The ATS’ paper comes just days after the New York Times reported that the U.S. Environmental Protection Agency (EPA), which is planning to replace the Clean Power Plan with a new rule that would relax some regulations for the energy industry, intends to use a new calculation system that would reduce the number of premature deaths predicted to be associated with its rule. Initial estimates said the proposed plan, called the Affordable Clean Energy rule, would be associated with an additional 1,400 deaths per year. But according to the Times, the EPA’s new projections would “assume there is little or no health benefit to making the air any cleaner than what the law requires,” slashing that number.
Past research, however, strongly suggests that there are benefits associated with reducing pollution below national benchmarks. One 2017 study suggests that virtually any amount of air pollution increases premature death risks.
The EPA disputed sections of the Times’ original report, including an assertion that the new methodology was not scientifically sound or peer-reviewed, spokesperson James Hewitt told TIME. “EPA sets national ambient air quality standards at a level that protects public health with a margin of safety. A longstanding and important question is how much benefit is derived by further reducing ambient levels below the national standards,” Hewitt said. “We are considering changes to how such benefits are calculated. No change to this scientific method will be made unless and until the new approach has been peer reviewed.”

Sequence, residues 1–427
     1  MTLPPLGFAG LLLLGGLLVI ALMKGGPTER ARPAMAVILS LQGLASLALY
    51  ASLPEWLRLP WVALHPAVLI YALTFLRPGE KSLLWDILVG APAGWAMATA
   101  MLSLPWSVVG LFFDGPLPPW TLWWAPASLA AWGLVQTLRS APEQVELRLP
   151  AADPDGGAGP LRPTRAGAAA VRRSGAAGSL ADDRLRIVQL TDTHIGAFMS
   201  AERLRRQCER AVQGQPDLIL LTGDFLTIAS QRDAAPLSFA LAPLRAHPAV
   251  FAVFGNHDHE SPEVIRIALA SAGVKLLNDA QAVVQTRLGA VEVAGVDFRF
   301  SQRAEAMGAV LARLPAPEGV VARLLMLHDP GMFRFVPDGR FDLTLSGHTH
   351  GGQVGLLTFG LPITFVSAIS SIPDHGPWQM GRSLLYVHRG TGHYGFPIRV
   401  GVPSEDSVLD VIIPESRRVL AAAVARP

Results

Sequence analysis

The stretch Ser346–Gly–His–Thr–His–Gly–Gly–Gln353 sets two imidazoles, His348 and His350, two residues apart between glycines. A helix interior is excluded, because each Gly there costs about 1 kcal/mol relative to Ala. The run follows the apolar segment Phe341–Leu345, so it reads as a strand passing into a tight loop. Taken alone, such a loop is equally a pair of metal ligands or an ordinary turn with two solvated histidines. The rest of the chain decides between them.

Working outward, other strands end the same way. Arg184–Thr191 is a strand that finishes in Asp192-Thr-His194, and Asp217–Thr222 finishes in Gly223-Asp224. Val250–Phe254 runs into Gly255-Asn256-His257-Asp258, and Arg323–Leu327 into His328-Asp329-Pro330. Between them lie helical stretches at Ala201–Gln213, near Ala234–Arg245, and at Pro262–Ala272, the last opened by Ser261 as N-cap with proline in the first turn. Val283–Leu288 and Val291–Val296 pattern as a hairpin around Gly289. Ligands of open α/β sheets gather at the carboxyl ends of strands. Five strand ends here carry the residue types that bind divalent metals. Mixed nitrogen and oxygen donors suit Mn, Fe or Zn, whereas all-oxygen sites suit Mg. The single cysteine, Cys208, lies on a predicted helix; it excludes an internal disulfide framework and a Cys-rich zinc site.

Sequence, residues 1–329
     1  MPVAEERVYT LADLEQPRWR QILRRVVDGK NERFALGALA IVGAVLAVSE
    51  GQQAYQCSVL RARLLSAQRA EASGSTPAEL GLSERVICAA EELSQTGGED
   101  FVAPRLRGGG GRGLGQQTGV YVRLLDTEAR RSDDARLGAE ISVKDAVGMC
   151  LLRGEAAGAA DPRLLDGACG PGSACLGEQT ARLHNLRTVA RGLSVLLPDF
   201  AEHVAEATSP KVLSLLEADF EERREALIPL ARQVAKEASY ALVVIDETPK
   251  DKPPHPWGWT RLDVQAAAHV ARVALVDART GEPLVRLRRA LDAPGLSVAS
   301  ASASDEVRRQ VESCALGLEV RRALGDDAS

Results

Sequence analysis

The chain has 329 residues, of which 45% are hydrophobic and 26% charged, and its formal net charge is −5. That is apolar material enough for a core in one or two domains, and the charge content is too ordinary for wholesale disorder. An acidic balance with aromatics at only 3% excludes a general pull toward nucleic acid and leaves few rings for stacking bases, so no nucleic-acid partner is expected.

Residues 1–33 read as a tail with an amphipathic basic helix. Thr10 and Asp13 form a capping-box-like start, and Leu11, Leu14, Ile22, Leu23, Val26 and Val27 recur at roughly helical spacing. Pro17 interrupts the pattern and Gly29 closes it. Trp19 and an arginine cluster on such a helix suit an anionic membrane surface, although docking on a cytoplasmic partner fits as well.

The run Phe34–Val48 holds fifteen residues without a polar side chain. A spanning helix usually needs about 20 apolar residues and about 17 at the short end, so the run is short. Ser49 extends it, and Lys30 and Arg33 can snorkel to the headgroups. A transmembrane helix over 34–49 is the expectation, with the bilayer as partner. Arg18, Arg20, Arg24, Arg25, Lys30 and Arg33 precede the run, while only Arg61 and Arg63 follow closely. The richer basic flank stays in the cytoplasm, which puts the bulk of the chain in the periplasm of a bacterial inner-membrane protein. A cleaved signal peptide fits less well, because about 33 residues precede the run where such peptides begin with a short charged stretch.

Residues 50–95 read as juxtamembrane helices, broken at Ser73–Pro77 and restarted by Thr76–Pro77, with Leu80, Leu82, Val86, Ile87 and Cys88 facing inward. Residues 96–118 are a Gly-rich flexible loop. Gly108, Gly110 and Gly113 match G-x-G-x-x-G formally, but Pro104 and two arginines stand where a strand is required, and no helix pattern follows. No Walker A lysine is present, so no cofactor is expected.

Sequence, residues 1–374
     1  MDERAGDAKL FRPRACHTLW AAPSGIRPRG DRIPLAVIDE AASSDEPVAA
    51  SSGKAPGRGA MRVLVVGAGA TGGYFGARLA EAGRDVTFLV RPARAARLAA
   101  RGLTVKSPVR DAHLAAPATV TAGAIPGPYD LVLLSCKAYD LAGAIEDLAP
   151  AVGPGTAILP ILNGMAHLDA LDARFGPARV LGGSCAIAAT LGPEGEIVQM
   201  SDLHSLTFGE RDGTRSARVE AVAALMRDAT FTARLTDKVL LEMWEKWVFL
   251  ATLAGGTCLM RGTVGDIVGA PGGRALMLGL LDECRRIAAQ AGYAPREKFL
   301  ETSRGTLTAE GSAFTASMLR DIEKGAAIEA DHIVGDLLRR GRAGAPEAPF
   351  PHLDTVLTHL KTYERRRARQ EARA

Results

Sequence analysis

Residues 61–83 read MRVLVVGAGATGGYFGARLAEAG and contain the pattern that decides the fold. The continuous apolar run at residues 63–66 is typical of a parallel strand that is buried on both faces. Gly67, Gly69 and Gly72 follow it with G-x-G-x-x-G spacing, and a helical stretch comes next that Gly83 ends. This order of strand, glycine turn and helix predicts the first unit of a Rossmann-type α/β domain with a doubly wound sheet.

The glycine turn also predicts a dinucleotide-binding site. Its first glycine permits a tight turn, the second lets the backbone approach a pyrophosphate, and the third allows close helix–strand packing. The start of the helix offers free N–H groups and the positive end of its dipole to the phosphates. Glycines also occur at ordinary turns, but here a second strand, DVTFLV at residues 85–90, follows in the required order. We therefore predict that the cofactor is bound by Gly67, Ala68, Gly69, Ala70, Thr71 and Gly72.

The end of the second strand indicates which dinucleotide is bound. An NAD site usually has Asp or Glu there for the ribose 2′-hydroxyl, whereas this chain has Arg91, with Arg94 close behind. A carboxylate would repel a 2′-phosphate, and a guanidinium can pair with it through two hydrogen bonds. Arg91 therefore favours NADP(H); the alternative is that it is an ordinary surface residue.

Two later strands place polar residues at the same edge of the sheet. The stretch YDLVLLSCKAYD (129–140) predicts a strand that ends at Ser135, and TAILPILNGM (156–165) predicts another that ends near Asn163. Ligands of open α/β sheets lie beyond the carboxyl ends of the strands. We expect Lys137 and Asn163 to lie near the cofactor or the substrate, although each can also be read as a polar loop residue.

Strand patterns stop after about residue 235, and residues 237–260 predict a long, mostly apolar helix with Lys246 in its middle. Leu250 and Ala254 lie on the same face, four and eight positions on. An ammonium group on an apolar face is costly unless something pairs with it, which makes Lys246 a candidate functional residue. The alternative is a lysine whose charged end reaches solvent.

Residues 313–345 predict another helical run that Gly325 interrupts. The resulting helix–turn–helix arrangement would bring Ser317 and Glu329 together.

Still, Cromar says any modeling method that assumes there are no health benefits beyond what’s decreed by the law “defies rational thinking” and is “bad policy,” since—assuming there’s any pollution in the air—there’s no scientifically accepted threshold at which benefits stop accumulating and health risks vanish. [...]
Have you wondered what happens when a medical equipment fails in hospitals? If a ventilator stops suddenly or a surgical stapler malfunctions?
Worst case scenario: the patient dies.
A year-long joint investigation of the global medical devices industry, carried out in 2018 by NBC, the International Consortium of Investigative Journalists and more than 50 media partners, found that across all types of medical devices, more than 1.7 million injuries and nearly 83,000 deaths were reported to the United States Food and Drug Administration (FDA) over the last decade.
“In the US, preventable medical errors cause about 100,000 to 300,0000 deaths a year and is the third leading cause of death after cardiopulmonary disease and cancer.
“Of the preventable medical errors, among the top five are malfunction of medical equipment, infection and medication error.
“Not all of them lead to death, but some do,” reveals Dr Marcus Schabacker, president and CEO of ECRI Institute, a non-profit, independent organisation committed to the safety, efficacy and cost-effectiveness of healthcare.